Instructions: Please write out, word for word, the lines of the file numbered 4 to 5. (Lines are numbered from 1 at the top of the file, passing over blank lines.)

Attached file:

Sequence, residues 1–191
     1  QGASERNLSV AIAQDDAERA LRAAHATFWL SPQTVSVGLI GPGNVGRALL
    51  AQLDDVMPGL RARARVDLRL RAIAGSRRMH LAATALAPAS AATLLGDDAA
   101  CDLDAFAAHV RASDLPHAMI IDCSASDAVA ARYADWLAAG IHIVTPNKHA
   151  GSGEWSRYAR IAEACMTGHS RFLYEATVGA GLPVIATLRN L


   101  CDLDAFAAHV RASDLPHAMI IDCSASDAVA ARYADWLAAG IHIVTPNKHA
   151  GSGEWSRYAR IAEACMTGHS RFLYEATVGA GLPVIATLRN L